By Stella Heo, Shrida Pandey, and Aisha Mohanty, Online Editor-in-Chief, Online News Editor, and Staff Writer
// After watching the total number of cases of COVID-19 in the United States skyrocket in June and continue to rise as the upcoming school year approaches, students, parents and teachers eagerly waited for the Acalanes Union High School District (AUHSD) Governing Board to decide how school will resume.
During the Board meeting on Tuesday, July 14, the Board unanimously voted to begin the 2020-2021 school year with distance learning. Some Acalanes High School community members have mixed reactions to this decision.
The district chose the distance learning method over both the blended learning method, meaning the district would split students into two groups that would alternate between in-person and distance learning, and the open campus method. This decision may be modified in response to future developments, as the Board plans to reassess the situation on Sept. 2 to determine if Acalanes could move to blended learning.
Most Acalanes community members agree that the Board made the right choice.
“Given the circumstances and climate of our country and more locally our state and county, the Board is making the correct decision for the safety of our students. Yes, it is sucky that we won’t get to go and see our friends and enroll in our classes in-person, but what other choice do we really have given the severity of the situation?” rising junior Eli Pockell-Wilson said.
However, others are wary of the Board’s decision.
“I wish they would have left open the idea of reevaluating in a month as opposed to committing to 100 percent distance learning now and not re-assessing until a month into the school year. The conditions in the county are fluid,” rising senior Carly Arends’ mother Melissa Arends said.
While reflecting on last spring’s distancing learning experience, many parents fear the possible decline in the quality of their students’ education in an at-home environment.
“While the effort might be higher, all the outcomes will be worse. I think students will be exposed to most of the same material but master far less of it. This will create deficits in foundational classes like mathematics that will have to be made up some time,” rising senior Kiara Marchado’s father Michael Kawadski said.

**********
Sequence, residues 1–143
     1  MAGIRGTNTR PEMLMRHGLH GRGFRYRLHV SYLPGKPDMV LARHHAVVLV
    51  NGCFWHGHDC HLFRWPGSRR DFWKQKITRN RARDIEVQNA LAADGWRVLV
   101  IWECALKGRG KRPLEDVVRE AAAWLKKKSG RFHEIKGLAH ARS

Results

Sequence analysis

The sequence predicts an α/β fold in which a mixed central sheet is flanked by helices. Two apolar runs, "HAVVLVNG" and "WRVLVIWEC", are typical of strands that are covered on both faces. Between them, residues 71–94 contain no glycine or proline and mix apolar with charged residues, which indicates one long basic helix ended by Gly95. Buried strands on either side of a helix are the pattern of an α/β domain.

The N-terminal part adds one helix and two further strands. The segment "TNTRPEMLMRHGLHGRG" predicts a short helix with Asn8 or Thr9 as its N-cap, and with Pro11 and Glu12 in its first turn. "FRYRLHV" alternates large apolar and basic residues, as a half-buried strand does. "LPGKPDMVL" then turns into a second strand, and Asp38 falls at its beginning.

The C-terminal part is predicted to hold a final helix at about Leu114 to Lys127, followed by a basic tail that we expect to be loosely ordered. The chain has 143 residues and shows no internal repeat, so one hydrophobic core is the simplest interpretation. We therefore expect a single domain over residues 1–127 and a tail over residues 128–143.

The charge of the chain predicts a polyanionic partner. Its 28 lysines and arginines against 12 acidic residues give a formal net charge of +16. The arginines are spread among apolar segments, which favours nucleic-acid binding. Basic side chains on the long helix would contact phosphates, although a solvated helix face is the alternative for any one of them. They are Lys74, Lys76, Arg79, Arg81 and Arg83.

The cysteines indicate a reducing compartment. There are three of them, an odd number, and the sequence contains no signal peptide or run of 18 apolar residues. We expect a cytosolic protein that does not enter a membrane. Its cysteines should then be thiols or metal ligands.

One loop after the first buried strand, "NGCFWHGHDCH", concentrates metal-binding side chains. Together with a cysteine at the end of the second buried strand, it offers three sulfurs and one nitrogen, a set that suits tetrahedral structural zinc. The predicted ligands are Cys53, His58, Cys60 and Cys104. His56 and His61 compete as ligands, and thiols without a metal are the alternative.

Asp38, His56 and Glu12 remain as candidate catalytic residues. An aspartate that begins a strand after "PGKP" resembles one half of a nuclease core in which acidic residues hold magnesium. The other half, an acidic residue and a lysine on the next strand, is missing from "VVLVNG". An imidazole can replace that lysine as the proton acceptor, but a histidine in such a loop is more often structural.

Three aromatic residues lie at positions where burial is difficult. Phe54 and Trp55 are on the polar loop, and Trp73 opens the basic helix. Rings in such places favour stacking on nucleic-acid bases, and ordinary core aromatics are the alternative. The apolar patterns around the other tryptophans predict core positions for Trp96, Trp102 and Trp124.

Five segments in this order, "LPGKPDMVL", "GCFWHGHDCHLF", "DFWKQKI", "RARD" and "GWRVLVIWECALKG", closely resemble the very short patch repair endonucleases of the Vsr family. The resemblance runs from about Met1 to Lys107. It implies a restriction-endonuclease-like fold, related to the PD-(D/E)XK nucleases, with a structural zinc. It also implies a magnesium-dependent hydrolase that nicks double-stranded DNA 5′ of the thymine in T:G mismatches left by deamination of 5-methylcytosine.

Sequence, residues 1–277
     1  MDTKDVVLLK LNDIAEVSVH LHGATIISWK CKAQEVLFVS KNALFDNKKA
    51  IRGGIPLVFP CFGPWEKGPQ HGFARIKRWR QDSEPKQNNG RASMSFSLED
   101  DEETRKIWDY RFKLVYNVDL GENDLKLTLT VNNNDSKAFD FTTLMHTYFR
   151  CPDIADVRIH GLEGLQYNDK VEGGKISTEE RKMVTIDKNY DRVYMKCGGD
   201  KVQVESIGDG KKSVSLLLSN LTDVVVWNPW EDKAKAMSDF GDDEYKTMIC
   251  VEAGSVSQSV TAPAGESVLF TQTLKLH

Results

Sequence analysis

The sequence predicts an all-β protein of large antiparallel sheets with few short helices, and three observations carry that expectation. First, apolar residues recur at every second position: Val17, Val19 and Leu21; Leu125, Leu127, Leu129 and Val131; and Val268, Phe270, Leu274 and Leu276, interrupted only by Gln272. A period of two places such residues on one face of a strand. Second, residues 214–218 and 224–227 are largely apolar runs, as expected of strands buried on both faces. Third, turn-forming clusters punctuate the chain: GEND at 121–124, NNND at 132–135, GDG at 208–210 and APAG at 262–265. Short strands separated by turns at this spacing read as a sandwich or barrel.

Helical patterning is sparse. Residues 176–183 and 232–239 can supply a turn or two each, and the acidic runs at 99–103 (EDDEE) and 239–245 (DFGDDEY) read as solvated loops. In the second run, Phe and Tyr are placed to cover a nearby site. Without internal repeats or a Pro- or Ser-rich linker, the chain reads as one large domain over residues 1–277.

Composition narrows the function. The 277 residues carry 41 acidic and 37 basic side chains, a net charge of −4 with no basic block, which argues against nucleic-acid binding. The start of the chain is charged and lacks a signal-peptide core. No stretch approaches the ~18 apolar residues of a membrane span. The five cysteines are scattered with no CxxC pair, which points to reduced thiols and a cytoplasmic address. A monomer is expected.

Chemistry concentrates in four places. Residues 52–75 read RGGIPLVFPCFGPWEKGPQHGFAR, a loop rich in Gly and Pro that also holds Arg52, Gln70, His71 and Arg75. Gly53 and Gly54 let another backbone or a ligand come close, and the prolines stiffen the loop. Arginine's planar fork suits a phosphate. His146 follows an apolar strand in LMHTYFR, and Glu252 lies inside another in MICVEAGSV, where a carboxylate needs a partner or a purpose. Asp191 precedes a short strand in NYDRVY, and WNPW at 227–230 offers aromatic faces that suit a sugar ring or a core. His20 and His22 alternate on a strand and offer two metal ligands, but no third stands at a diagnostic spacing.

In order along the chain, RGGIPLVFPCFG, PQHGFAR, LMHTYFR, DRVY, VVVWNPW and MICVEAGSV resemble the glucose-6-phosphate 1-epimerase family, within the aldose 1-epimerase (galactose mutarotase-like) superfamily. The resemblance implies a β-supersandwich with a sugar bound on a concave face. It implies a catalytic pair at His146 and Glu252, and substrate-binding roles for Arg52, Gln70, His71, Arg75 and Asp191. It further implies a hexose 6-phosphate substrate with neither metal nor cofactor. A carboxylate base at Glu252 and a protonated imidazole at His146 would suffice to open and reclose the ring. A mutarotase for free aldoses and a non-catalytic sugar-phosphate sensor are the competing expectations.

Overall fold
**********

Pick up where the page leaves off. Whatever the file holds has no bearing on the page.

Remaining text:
Unlike in the spring of the 2019-2020 school year, the district plans to implement a letter grade system and take attendance to ensure that students attend their classes.
“Synchronized distance learning is necessary. Otherwise there will be students who teach themselves and others who do nothing, and that would not be good for the district. As for grades, I think it is important for students to receive letter grades which will hopefully hold both the students and the teachers accountable,” Arends said.
The district hopes that Canvas, the online learning management tool replacing School Loop, will allow teachers to post assignments, grades, and other school materials and help ensure academic honesty.
“I worry a little bit about academic dishonesty, especially because we will be issuing grades. I understand that Canvas has a way for online or distance testing that is used by universities, so I am hopeful it will work out,” Living Earth teacher Lori Tewksbury said.
With these new digital alternatives, the isolated nature of online education and its effects on the well-being of students concerns some critics.
“I think online school is going to affect my mental health in a negative way. I feel connected to people through physical or in-person interactions, which currently isn’t possible. Without those interactions, I feel more disconnected from the real world and overall less motivated,” rising junior Sylvia Deng said.
Parents also anticipate their children’s mental health worsening in a variety of ways.
“Mental health afflictions will likely touch vastly more students than COVID-19. The effects will vary a lot from mild situational depression at missing out on life’s milestones to more serious pain experienced by students who need to school the most due to limited social circles or dysfunctional family situations,” Kawadsaki said.
Although students and staff will not be able to interact in person, many community members stress that it is important to support one another during the 2020-2021 school year.
“In the beginning, our slogan was ‘Community Can’t be Canceled’ and as the situation continues, our unity has to be what holds us together,” rising senior Madison Payne said. “I think now, it’s crucial that we reach out to each other and show up where we can. If we focus on our community, we will be more likely to not do anything to put others at risk and we’ll get through this faster.”